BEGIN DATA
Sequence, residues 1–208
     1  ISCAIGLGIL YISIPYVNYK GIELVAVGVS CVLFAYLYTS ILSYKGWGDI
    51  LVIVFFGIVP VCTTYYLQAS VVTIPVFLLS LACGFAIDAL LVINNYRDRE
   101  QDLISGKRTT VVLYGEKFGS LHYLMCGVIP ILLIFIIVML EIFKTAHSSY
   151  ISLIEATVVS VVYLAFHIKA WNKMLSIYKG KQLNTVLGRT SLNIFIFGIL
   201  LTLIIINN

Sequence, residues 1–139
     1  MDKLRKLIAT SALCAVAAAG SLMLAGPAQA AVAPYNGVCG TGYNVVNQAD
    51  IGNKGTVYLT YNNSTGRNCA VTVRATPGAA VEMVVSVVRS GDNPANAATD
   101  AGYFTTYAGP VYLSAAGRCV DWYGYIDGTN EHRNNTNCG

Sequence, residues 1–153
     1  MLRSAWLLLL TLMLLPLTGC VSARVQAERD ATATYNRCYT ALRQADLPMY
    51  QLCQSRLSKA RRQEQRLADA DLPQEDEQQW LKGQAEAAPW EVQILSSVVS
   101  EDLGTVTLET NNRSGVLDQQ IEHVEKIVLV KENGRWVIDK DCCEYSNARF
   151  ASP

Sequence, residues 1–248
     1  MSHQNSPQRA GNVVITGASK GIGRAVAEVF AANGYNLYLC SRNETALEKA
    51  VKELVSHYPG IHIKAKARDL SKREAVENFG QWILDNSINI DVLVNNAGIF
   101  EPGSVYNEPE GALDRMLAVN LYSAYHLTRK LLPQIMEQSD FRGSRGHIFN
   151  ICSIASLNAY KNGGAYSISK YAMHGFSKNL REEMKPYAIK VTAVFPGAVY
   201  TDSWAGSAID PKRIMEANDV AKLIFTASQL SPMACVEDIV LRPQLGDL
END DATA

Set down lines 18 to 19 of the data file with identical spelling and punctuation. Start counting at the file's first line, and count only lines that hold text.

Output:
    51  VKELVSHYPG IHIKAKARDL SKREAVENFG QWILDNSINI DVLVNNAGIF
   101  EPGSVYNEPE GALDRMLAVN LYSAYHLTRK LLPQIMEQSD FRGSRGHIFN